Form a sequence of chained sentences by using the last word of a previous sentence as the first word of the next sentence.
You can use this activity to show that not every word that ends an English sentence can start one.
This is a great ice-breaker game or even something that can be used at the beginning of every class as a warm up.
Objective(s) of activity:
Take turns to form sentences. However, there are two rules:
One, the last word in the previous sentence must be used as the first word in the next sentence.
Two, the new sentence must be longer than the previous sentence.
You can involve the whole class in this activity one student at a time.
Start with a simple sentence with a subject verb and an object.
Eg. ‘John saw Mary.’
Now it is the next person’s turn to form a sentence. But you have to use the last word of the previous sentence and the sentence must be longer.
This shows a possible sequence of turns.
A: ‘Mary kicked those balls.
B: ‘Balls are fun to play with.’
C: ‘With a key, John opened the door.’
Now notice that the next person, D, is going to find it difficult to form a sentence. This is because just the word ‘Door’ cannot be used to start English sentences
You can thus relax the rules a little to allow modifications of the last word.
In this example, the type of modification you can add is a determiner like ‘the’ or you can make it a plural.
Eg. The door or Doors
These are much easier to start English sentences with.
The same type of problem arises in the following sequence.
A: John slept
It is not possible to form English sentences with ‘Slept’. Thus you can allow ‘Slept’ to be changed as well. One way to change it is to ‘Sleeping
Now B can respond with something like: ‘Sleeping in is fun’.
Notes for scaling up/ down difficulty:
This game is challenging as is and does not require much more ramping up.
However, if you are playing this game with less proficient ESL students, they may struggle with coming up sentences.
In this case, you can remove the second rule of requiring that subsequent sentences be longer.
However, you have to be careful not to fall into a stalemate like this exchange.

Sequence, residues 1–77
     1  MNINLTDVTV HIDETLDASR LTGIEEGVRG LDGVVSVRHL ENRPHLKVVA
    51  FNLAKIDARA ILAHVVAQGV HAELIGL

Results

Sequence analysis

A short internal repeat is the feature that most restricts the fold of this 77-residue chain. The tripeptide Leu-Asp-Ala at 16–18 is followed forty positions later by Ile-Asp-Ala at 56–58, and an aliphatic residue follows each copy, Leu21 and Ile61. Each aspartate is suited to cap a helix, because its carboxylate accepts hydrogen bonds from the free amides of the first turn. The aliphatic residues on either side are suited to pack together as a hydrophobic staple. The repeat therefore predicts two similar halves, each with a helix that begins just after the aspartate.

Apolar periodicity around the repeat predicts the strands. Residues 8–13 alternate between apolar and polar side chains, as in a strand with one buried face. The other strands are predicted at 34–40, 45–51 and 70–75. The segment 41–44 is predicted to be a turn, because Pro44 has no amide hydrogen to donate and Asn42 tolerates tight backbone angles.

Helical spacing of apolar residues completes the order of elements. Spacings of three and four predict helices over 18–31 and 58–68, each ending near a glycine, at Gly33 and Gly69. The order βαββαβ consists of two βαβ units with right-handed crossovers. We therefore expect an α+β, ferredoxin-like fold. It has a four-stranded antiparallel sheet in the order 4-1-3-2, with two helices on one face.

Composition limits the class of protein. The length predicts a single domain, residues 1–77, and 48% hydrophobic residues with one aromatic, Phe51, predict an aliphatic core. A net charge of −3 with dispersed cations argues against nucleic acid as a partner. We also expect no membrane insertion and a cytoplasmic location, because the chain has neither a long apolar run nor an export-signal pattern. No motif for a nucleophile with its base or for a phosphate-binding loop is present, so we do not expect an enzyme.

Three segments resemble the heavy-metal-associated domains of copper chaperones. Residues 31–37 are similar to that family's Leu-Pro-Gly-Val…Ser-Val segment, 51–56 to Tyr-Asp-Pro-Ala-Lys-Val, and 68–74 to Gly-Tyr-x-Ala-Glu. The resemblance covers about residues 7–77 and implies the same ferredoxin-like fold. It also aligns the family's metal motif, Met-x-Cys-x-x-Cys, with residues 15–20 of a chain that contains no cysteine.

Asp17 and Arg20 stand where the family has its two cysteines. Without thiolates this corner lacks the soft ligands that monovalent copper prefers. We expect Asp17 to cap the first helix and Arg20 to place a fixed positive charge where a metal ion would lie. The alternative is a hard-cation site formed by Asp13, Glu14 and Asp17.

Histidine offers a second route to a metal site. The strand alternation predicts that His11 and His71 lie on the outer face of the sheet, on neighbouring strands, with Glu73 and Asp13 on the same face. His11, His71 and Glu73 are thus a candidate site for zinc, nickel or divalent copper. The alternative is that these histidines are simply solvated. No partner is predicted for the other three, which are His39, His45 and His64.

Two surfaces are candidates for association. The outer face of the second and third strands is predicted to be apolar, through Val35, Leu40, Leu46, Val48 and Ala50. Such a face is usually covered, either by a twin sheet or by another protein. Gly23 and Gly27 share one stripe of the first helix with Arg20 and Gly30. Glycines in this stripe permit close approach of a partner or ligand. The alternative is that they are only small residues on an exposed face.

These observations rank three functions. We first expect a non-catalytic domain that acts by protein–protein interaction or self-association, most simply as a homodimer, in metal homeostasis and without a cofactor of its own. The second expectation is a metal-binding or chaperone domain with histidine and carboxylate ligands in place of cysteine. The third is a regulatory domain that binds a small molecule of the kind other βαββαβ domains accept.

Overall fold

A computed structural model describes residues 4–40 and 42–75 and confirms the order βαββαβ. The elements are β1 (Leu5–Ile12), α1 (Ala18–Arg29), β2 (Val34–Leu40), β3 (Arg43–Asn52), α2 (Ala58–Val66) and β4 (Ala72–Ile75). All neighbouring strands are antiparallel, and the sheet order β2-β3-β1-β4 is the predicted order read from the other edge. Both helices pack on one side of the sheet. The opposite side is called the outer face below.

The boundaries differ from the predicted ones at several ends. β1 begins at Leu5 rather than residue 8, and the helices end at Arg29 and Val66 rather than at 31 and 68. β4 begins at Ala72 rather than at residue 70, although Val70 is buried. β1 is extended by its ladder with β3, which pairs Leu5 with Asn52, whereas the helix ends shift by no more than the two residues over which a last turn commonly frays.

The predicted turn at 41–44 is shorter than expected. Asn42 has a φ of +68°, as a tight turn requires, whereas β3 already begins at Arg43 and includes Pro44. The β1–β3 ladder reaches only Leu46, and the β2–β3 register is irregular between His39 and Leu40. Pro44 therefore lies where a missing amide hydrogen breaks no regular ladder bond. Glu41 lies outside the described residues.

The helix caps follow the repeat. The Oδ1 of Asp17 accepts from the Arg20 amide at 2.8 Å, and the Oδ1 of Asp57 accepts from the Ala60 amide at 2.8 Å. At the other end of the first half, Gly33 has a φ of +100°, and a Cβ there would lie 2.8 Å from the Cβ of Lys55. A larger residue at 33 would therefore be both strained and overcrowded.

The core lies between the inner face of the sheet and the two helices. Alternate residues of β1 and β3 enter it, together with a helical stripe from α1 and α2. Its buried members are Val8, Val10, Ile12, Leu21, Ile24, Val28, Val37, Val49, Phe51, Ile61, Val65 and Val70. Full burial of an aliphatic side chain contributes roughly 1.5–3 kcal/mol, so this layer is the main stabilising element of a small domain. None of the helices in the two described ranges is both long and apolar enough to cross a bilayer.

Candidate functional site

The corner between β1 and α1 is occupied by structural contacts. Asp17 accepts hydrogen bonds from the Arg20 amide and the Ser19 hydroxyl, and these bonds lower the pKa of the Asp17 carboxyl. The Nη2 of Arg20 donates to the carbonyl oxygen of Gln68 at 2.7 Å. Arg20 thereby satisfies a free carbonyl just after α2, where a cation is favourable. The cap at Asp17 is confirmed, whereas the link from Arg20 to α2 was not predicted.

A: John saw Mary.
B: Mary saw John.
C: John liked Mary.
D: Mary kissed John.
How long a sentence did you come up with? Share your longest sequence of sentences in the comments.
This activity is an essential part of the ESL teacher’s toolkit. Improvisation and role play are great ways to get ESL learners to practice English in a semi-naturalistic setting. Vary the settings and number of participants for optimal immersion.
Objective(s) of activity:
The primary objective is to immerse your ESL students into naturalistic settings that they are familiar with so that they can practice using the nuances of the English language.
Specific directions and notes:
1) Be prepared before class and think of a number of scenarios beforehand with the requisite number of people. Have different scenarios for different numbers of participants.
Some possible scenarios involving two individuals are the following:
a) An interaction between a superhero and the villain
b) A retail interaction (eg. a fish monger and a customer)
c) A parent and child
d) Teacher and student
e) Policeman and interrogated criminal
2) You have to make sure that there is an objective for each interaction that is known to all participants in the role play. Eg. the objective of a retail transaction is to successfully exchange the right amount of money for a certain produce/ service.
3) Intervene as little as possible, except to prompt students to stay on objective for that role play.
4) If students are stuck on certain phrases, allow the use of their native language. The aim (at least in the beginning) is to provide students an opportunity to practice code switching with ease. Of course, you do not want students to use their native languages predominantly.
5) Encourage your students to speak in full sentences. Do not worry about whether the sentences are grammatical.
6) You can make the activity more fun by using different voices for different characters. (eg. deeper voice for the villain)
Notes for scaling up difficulty:
As the students become more proficient, you can come up with scenarios involving more individuals.
This will give your students more practice with turn taking, looking for discourse cues and so on.
You can have individuals enter and leave the role play as well. For example, while two individuals are speaking, you can have a third individual interject with a delivery.
You can build complexity to your scenarios this way.
Share with me your scenarios and how your students did!